4. After areas of your house are where you’d like them to be and you’re feeling good, head to your favorite area of the house with pen and paper and your calendar.
  5. Write down all the things you’ve been doing. Look at your current schedule and to do lists.
  6. Do a complete brain dump of all the things you think you also need to do. Follow a brain teaser list to help you build
  7. Cross out everything that doesn’t actually need to be done, and areas in your schedule that you absolutely hate. Usually you can knock off about 20% of your list just by doing this and give yourself a break.
  8. Put your list aside for now. And now is the time to focus on your own personal priorities and goals. Write out all the things you’d like to do. It also has to be something within your control. You can’t give yourself a raise at work, but you can ask for one or send out resumes until you find one that pays better. You can’t get a USA Today bestseller, that’s out of your control as you can’t make people buy your book, but you can write a really great book, and learn how to give yourself the best chance of getting that if it’s what you want. Your goals can be “I’d like to be a famous YouTube star” but we have to build from what you can take action on, like producing a daily vlog.
  9. Out of your goals on your list, pick two or three to focus on. You don’t have to forget your other goals. When you start quarterly reviews, you’ll have the option to change your goals, especially if you’ve reached them. But give your goals a fair chance to be accomplished by focusing on them. And if you accomplish one, you can pick another one.
  10. Go back with your goals picked out and your brain dump list. Pull everything out of the brain dump list that: aligns with your goals, or absolutely essential to life and put that in a list. Like paying taxes, going to the doctor, etc., those must do priorities that have to be done. This is your priority one list.
  11. Add in anything to the list that would help you complete your goals.
  12. Look at your brain dump list, and put aside to dos that were for other goals that you have probably put aside.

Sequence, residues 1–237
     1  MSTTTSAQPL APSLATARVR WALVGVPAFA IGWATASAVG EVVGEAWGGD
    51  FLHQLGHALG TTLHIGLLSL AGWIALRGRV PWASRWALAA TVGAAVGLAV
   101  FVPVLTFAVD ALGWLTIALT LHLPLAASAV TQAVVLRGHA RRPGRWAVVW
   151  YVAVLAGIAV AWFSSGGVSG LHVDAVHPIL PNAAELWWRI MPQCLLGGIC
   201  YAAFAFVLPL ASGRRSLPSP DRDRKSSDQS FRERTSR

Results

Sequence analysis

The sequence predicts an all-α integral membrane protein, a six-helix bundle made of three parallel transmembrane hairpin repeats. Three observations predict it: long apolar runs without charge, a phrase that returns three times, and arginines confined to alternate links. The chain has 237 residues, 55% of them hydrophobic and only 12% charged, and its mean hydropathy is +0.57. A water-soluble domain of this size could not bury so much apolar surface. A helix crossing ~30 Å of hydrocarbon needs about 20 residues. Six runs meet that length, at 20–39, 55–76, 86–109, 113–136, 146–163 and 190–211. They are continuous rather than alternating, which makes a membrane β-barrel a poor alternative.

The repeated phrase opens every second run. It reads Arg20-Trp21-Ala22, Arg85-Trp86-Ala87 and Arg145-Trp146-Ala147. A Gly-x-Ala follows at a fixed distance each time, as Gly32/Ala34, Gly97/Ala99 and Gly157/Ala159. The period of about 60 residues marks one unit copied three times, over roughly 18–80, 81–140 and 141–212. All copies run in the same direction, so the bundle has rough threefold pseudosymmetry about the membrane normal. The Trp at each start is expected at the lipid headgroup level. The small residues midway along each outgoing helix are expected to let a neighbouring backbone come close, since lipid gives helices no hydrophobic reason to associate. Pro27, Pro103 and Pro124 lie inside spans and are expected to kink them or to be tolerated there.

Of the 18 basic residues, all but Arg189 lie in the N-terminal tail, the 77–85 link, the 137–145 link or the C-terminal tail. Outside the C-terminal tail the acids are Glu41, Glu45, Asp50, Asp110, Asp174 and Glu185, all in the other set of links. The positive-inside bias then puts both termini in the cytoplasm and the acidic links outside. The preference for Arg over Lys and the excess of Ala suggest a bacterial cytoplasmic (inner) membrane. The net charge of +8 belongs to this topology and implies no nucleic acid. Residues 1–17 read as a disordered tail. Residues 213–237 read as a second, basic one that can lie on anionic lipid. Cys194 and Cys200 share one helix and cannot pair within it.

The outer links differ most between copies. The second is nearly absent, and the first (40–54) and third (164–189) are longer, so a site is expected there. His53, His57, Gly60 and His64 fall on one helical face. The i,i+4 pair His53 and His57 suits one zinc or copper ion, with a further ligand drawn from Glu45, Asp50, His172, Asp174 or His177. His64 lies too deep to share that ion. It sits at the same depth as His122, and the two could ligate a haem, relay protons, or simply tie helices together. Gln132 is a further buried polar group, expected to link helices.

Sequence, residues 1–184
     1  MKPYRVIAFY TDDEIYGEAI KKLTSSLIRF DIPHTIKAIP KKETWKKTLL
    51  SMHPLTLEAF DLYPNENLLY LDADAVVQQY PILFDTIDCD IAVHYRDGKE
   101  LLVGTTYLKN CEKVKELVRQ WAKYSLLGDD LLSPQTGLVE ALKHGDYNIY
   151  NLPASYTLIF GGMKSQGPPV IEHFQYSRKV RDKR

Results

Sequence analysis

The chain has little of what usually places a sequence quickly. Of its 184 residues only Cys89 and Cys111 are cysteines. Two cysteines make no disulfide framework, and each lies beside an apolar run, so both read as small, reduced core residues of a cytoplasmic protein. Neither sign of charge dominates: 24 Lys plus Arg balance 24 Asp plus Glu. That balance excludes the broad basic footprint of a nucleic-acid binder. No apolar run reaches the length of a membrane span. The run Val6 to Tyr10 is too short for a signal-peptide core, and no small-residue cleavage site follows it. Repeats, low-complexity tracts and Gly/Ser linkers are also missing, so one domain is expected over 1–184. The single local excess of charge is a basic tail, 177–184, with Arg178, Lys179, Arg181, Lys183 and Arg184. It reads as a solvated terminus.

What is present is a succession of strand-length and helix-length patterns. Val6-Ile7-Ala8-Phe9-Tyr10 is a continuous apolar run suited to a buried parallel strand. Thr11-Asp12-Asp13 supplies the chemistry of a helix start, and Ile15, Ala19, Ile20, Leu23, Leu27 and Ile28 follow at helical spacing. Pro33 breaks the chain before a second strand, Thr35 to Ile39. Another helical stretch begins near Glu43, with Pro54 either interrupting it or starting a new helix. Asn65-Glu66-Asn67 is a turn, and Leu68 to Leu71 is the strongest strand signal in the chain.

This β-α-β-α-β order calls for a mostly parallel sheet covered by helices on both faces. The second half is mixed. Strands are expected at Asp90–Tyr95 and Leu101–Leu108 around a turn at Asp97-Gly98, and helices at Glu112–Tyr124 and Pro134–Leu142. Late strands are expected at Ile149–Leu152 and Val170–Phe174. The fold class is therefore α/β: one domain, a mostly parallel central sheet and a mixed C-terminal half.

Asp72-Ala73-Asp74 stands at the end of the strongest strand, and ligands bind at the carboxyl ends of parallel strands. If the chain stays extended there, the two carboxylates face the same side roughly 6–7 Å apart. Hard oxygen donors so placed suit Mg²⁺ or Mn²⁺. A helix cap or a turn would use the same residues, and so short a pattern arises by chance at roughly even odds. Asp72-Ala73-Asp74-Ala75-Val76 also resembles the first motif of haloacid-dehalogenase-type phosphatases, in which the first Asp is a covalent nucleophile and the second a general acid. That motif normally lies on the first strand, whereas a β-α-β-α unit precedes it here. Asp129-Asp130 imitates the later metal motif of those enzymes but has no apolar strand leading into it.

13. What’s left should be considered ‘non priority’. Re-check on this. Is this just a want to do list? Maybe it was a vacation you want to go to? If it’s not a priority, and it isn’t a want to do, it probably shouldn’t be on your list. So keep all the things you want to do in a want to do list. And see how many of the non priority things you can just get rid of. Maybe you don’t really have to do that Christmas Newsletter for the family. Does anyone even read it? If you don’t enjoy doing it, and it isn’t a priority, just don’t. You’d be surprised at how much you don’t actually have to do.
  14. Now take your priority one list, your calendar and the last of your brain dump list, and what should be your ‘want to do’ list. I don’t particularly like working with goal dates in mind. What I like is to make a step by step guide from one until done of each goal, and then schedule the times when I’m allowed to work on those. Start with stuff that absolutely can’t be moved, like when you turn in taxes, that dental appointment, etc. Outside of those things, you want to schedule in your goal tasks first and then fill in any extra time as ‘me time’ or ‘want to do’ time. Me time is just when you can take a bath, zone out, read your favorite book, etc. The want to do list is separate from that, but also essential. Also, be sure to give yourself plenty of me time and want to do time on top of goals. Goals shouldn’t take up more than 30% of your available time. And hopefully your other priority one tasks that aren’t goals (taxes/adulting things) are not taking up more than 10 – 20%. Remember, the goal isn’t to fill in every moment with things to do. It’s to make time to live life and enjoy it while we can.
  15. When you work on these will be up to you. Some say to schedule things when you’re feeling most productive, but some stuff doesn’t need your full brain power. For example, I like gardening, but I don’t need to be in full productive mode to accomplish one. If I have a plan in place, I can easily follow the instructions on days or times when I’m not particularly productive. So how you schedule will be up to you.
  16. By the end of step 14, you should have an action plan for your projects/goals, and a schedule for when you’ll do what you want to do. Next step is to double check things like your subscriptions, your memberships, your YouTube video feeds, your Facebook, etc. Knock out anything that you just don’t like or gets in the way of your goals or doesn’t really contribute to what you want. Maybe you want to write a book, but your YouTube video feed is all about how to start a day care. Clear everything that doesn’t match your new goals.
  17. Schedule in a review in three months to do this again, only it shouldn’t take as long to do a second time, maybe over a weekend. You’ll check in with your goals, if you’re still trying to accomplish the three or if you want to resort them and do something else. You’ll tinker with the schedule until it works for you, etc.

This can seem like a very daunting list, but I promise if you can get to the end, you’d feel loads better. I really look forward to a quarterly review in the future.